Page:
While the spooky season may be over, that never stopped elder millennials like me from voraciously reading Goosebumps year round.  The young adult horror series written by R.L. Stine spanned an impressive 62 books in the 90s.  Since then many spin-offs have been written in addition to video games, a 1995 television series, and multiple films starring Jack Black.  Now, Disney+ and Hulu have commissioned a new series, available now, that does something elevated, new, and ultimately engrossing – something a lot of reboots of well-known IP fail to do.


While the books many of us grew up with were written largely as an anthology series with contained narratives and new characters, the brilliant move that makes this series so compelling is the decision to tell an ongoing story.  Without spoiling anything, the series’ first 5 episodes deftly introduce us to our lead teens, each using a classic Goosebumps tale to weave them into the central mystery.  Viewers are treated to Say Cheese and Die, The Haunted Mask, The Cuckoo Clock of Doom, Go Eat Worms, and Reader Beware.  This all culminates in Night of the Living Dummy – one of the most classic and well-known Goosebumps books which itself spawned a spin-off literary series.  From there more well-known stories are woven into the narrative leading to the episode 10 finale, Welcome to Horrorland (my personal favorite book) which will become available on November 17. 


Again, without giving too much away, generational trauma is smartly and subtly at the center of this creepy mystery.  Something the best releases from Disney have done over the last few years – Encanto and Elemental come immediately to mind – is to explore the dynamics between children and their parents and the way parents’ decisions and experiences shape and sometimes even traumatize their children.  The five teens banned together in Goosebumps are no exception.  Isaiah (Zack Morris), Margot (Isa Briones), James (Miles McKenna), Isabella (Ana Yi Puig), and Lucas (Will Price) all embody different aspects of students within the high school experience.  We have a popular jock, the daughter of the principal with no school spirit, a queer student, an invisible nerd, and a reckless possible burnout.  However, despite my ability to boil them down to a single descriptor, the writing and the acting draw each student sharper and far more dimensional than what may at first appear to be a Breakfast Club riff.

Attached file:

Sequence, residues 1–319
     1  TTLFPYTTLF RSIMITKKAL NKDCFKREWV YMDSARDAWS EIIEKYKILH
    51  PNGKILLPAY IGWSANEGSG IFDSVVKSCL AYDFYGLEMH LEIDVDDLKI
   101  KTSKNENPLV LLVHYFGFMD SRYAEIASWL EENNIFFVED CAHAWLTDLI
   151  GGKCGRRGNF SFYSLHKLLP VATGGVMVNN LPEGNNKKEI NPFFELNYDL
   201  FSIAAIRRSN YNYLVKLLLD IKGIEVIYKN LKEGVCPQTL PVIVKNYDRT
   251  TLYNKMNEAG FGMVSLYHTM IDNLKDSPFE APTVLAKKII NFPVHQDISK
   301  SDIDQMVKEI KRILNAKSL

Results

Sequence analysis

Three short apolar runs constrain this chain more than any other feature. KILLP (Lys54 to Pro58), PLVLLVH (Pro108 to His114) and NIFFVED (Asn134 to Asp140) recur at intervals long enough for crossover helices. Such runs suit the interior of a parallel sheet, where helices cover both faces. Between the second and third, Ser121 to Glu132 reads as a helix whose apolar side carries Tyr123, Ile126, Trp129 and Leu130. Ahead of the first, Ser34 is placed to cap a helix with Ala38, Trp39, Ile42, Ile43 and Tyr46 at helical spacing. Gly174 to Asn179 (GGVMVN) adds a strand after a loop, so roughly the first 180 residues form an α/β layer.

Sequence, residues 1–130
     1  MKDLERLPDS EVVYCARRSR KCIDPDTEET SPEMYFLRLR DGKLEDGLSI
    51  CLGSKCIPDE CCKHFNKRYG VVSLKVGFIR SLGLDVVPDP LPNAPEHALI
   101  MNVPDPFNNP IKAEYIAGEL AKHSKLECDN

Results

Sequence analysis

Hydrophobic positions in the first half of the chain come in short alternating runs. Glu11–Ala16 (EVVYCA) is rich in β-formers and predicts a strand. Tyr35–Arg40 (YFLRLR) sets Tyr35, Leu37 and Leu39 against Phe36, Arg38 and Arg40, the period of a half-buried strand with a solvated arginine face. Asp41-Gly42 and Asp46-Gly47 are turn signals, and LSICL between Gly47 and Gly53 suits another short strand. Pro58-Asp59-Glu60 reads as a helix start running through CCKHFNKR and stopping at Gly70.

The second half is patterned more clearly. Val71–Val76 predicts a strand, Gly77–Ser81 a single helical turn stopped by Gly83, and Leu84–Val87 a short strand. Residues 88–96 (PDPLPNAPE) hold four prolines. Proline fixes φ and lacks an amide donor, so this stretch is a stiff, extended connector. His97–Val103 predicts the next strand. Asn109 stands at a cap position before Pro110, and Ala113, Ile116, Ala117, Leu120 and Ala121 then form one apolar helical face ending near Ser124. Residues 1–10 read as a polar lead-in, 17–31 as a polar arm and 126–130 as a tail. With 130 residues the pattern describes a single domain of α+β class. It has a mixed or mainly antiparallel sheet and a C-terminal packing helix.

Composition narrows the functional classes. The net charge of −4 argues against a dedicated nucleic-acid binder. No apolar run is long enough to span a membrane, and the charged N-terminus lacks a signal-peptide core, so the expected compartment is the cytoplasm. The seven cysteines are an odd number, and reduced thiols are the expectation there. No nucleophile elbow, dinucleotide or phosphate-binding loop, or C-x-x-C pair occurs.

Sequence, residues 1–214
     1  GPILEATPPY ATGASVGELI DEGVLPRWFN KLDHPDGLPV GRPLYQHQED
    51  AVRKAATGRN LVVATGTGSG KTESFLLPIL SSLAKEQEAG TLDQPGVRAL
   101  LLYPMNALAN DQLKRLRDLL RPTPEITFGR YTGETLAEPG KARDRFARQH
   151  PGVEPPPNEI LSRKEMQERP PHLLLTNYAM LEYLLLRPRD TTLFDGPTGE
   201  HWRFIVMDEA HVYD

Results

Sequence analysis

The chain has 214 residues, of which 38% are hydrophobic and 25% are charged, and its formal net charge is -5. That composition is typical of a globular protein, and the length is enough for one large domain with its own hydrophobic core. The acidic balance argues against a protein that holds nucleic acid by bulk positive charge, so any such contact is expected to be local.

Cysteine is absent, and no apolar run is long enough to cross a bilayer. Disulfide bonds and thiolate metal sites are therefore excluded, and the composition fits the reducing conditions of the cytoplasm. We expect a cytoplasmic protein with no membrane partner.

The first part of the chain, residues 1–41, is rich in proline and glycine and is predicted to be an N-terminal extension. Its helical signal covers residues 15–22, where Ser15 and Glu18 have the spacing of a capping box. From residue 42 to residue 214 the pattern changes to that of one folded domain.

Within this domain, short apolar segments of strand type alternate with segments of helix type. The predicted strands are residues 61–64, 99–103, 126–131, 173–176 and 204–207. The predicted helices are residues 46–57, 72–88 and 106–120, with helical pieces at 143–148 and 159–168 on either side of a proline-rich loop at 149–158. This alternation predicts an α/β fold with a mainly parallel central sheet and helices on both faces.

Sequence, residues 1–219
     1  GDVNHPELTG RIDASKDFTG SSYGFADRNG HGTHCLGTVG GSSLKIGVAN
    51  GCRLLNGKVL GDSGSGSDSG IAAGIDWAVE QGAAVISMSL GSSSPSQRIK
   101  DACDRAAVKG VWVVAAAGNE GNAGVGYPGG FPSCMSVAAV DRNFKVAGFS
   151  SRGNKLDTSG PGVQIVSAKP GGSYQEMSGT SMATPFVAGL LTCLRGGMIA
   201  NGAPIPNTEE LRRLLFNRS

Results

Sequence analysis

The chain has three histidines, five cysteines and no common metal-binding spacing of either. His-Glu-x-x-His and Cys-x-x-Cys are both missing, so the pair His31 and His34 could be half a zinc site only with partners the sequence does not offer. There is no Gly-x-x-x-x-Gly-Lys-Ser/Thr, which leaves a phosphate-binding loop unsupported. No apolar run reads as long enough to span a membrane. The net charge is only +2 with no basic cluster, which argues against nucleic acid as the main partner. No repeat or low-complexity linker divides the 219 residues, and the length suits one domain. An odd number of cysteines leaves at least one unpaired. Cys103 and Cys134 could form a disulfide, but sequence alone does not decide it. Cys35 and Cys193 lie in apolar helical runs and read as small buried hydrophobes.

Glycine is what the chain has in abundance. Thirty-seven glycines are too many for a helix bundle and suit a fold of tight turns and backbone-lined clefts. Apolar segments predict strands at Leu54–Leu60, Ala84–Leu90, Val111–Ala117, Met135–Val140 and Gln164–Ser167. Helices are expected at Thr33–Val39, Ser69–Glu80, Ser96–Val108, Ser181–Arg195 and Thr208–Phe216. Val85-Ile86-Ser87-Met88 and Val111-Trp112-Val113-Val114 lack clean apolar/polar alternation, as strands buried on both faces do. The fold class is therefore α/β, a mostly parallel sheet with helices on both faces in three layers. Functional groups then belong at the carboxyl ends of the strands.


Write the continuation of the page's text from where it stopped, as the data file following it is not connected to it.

Along with the decision to explore an ongoing mystery, aging up our heroes from middle to high school goes a long way to increase the suspense and riveting binge-ability of the series.  If you’re a well-seasoned horror fanatic, Goosebumps isn’t going to scare you.  In fact, producer Hilary Winston remarked on the specific choices they made to design scares to give young viewers a jolt without disturbing them in a way that might keep them up at night.  That tenor feels right for a show like Goosebumps.  Taking it into a truly gory or profoundly frightening place would feel gratuitous and disingenuous.  That isn’t to say, however, that the show is toothless.  It’s full of genuinely creepy moments, suspense, thrills, and scares.  As an adult with a child of my own, I was and am gripped by the series and waiting impatiently for the final episodes to drop.


Goosebumps is cast within an inch of its life.  Our five core teens have wonderful, natural chemistry together and bring real lived-in authenticity to their high school personas.  It’s hard to write for teens in a way that feels true to life and while the series has a line here or there that feels a little manufactured, by and large, the casting of and writing for these five actors in conjunction with their performances is what really elevates Goosebumps to a must-see status.  Rounding out the cast is Justin Long as Mr. Bratt, whose casting again is really inspiring.  Long’s comedic timing and especially his physicality, coupled with his ability to shift seamlessly into menace, really makes the show sing.  Long is joined most notably by Rachel Harris and Rob Huebel who, in addition to the other parents, fill out the cast with everything the show needs to succeed.  


I didn’t know what to expect when I jumped into this series but I was beyond pleasantly surprised to be taken on the adventure I was.  Goosebumps is a well-executed success, perfect for families to watch together or kids to even watch on their own.  The first seven episodes are streaming on Disney+ and Hulu now.  Episode 8 drops Friday, November 3, with the final two episodes following on November 10 and 17, respectively.  I’ll be eagerly awaiting their arrival.

The post Goosebumps on Disney+/Hulu – Scooby Doo with Stakes first appeared on Skewed ‘n Reviewed.

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